In last week’s New Yorker

June 19, 2017

Before even having a look at this week’s issue, I want to make some notes about last week’s unusually good issue.

First of all, I hope Rachel Aviv has a really good therapist. She consistently does in-depth, long-term reporting on some of the most grim topics in American society, exposing herself to endless accounts of trauma and abuse. Her story “Memories of a Murder” is a perfect example. In the tiny town of Beatrice, Nebraska, a 68-year-old widow was raped and murdered in 1987. The crime remained unsolved for two years until a farmer who enjoyed watching crime shows on television took on the job of unpaid private investigator and with the expert advice of a local psychologist succeeded in concocting a story that resulted in the arrest and conviction of six small-town residents, several of them mentally ill or developmentally disabled. Years later a DNA test showed that the blood and semen at the crime site belonged to a juvenile delinquent whose grandmother lived in the same building and had subsequently died of AIDS.  The point of Aviv’s long, absorbing article is that detectives and psychological professionals can be so attached to a narrative that they can convince innocent people that they committed crimes they had nothing to do with. (Online the title of the article is more pointed: “Remembering the Murder You Didn’t Commit.”)But it’s also a dismaying tale about the ignorance and preconceptions that face outsiders in a small town.

To balance out the grimness, there’s David Sedaris writing about his alcoholic mother (“Why Aren’t You Laughing?”) and another brilliant Shouts & Murmurs piece by Paul Rudnick, “Jared & Ivanka’s Guide to Mindful Marriage.” My favorite: “Family is everything. We treasure the special moments, like the time our kids used their crayons to make Jared a construction-paper subpoena. We have game nights, when we play such favorites as Pin the Tail on Whoever’s Out of Favor, Let’s Dress Jeff Sessions in Doll Clothes, and Who Can Hug Mommy Without Touching Her Hair?”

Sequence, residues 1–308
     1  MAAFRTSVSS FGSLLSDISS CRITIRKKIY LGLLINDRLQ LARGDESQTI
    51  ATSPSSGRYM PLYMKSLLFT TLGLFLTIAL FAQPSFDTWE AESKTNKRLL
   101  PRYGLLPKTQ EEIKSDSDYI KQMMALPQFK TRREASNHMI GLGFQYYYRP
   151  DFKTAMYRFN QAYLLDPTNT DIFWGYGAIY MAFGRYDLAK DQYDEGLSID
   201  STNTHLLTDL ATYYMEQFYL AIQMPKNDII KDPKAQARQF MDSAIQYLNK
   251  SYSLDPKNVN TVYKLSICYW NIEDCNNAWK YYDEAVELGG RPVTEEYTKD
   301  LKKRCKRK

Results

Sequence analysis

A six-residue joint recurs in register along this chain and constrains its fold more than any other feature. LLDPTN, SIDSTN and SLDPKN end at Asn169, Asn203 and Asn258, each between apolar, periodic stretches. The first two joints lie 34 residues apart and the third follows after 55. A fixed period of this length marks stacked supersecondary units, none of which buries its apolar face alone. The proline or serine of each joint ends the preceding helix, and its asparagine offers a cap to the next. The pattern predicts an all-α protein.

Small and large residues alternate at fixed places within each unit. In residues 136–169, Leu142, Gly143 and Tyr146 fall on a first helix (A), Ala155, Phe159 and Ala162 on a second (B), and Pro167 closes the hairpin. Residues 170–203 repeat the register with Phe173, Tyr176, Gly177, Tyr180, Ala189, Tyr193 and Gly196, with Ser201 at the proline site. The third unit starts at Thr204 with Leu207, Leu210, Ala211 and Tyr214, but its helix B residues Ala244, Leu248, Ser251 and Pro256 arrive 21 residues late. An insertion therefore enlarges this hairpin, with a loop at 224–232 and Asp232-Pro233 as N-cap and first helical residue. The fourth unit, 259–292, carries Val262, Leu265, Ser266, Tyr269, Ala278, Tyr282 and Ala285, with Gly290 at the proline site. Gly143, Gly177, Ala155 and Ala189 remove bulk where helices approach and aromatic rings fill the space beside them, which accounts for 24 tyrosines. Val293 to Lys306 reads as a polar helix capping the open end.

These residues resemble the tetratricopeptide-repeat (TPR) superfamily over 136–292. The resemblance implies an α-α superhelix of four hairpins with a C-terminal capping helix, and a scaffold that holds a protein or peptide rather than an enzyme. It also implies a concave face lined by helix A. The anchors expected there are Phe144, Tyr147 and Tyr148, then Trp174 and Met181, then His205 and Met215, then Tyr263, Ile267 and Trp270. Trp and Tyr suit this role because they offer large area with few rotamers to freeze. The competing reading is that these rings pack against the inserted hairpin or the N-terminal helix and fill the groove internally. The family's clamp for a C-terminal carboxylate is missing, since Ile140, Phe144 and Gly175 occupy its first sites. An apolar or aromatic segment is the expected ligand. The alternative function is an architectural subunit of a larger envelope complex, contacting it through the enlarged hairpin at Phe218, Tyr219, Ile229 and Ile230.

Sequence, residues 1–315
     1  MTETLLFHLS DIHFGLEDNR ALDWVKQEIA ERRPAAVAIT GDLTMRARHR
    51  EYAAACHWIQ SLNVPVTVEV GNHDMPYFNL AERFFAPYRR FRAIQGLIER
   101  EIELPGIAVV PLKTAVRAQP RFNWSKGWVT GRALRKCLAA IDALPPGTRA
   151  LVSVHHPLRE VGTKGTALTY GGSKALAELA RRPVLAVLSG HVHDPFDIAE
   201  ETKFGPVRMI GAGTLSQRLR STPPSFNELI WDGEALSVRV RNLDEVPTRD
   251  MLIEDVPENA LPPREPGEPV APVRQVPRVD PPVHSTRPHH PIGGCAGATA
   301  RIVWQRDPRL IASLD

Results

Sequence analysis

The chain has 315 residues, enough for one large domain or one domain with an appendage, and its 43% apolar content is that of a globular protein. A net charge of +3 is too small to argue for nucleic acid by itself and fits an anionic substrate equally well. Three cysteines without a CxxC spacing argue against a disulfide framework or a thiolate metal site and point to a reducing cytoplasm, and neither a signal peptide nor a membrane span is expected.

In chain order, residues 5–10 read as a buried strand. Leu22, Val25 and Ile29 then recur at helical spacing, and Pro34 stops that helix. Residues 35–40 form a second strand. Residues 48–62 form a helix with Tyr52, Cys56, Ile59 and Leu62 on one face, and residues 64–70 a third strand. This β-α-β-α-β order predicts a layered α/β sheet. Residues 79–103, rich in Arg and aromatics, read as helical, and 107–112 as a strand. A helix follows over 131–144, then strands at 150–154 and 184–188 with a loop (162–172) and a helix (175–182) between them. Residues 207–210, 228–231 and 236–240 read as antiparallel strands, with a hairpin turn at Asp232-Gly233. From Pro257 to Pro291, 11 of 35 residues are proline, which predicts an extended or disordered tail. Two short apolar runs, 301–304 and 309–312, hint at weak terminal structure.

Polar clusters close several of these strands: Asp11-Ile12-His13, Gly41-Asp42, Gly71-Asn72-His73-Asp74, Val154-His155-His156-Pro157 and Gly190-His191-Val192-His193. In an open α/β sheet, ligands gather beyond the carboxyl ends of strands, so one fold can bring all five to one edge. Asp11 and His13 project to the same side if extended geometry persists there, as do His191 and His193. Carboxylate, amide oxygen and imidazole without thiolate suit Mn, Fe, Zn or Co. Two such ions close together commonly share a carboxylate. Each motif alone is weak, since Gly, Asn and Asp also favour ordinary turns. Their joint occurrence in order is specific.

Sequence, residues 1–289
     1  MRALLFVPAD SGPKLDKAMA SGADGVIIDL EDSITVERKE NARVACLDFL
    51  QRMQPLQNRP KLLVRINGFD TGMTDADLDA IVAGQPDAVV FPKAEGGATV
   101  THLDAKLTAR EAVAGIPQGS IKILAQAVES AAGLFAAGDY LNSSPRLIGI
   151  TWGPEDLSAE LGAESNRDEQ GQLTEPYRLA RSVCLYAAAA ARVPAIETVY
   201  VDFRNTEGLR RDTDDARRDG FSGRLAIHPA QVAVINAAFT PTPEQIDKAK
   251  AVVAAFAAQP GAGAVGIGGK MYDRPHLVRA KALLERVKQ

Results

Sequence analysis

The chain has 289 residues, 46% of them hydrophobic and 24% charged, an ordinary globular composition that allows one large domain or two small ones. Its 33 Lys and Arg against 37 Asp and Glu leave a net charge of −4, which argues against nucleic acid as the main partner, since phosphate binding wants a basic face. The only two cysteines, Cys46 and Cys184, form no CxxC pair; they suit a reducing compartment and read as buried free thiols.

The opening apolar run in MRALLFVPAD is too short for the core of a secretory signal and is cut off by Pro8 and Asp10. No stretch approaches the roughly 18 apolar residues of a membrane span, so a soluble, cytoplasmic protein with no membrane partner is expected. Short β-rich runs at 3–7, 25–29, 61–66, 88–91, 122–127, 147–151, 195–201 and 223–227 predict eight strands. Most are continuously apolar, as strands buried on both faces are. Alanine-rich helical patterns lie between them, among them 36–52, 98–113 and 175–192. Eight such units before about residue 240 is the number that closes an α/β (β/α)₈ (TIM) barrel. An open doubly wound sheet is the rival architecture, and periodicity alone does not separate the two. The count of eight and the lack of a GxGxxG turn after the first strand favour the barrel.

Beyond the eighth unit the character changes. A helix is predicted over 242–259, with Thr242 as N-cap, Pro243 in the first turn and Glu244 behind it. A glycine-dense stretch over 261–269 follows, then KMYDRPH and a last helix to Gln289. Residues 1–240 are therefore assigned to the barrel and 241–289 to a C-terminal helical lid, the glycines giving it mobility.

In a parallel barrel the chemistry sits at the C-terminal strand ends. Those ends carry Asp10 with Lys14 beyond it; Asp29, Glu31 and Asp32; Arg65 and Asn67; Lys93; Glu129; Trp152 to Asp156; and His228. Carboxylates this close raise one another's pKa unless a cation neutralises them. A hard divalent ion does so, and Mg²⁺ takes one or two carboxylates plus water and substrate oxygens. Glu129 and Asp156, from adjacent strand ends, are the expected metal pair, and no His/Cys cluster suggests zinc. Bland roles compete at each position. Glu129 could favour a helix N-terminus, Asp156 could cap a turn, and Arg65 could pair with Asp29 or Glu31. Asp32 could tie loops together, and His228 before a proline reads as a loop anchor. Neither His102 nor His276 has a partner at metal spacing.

I got through college without having to read “The Confessions of St. Augustine.” Esteemed classicist Stephen Greenblatt, in “The Invention of Sex,” makes him sound even more entertainingly bizarre than I imagined, with his account of a spiritual orgasm shared with his mother and his fixation on how “some people can do things with their bodies that others find impossible. ‘Some people can even move their ears, either one at a time or both together.’ Others, as he personally had witnessed, could sweat whenever they chose, and there were even people who could ‘produce at will such musical sounds from their behind (without any stink) that they seem to be singing from that region.”’ ”


What else? Zadie Smith writes a beautifully detailed and empathetic profile decoding the work of a young black British painter and writer named Lynette Yiadom-Boakye (“A Bird of Few Words”). I enjoyed reading Andrew Sean Greer’s short story “It’s a Summer Day,” though I couldn’t help noticing that it’s the second piece of fiction the New Yorker has published in a month that centers on a writer winning an obscure prize. I admire critic-at-large Kelefa Sanneh’s music writing, though his essay “The Persistence of Prog-Rock” indulges in some historical revisionism. When I was growing up, contemporary bands like Yes, King Crimson, Genesis, and Emerson, Lake, and Palmer were viewed as “art-rock,” a different flavor but related to Zappa and the Mothers, David Bowie, and other arty rockers. And my memory is that the term “prog-rock” was never used in those days. It’s been tossed around familiarly only in retrospect by the people who weren’t even alive then.

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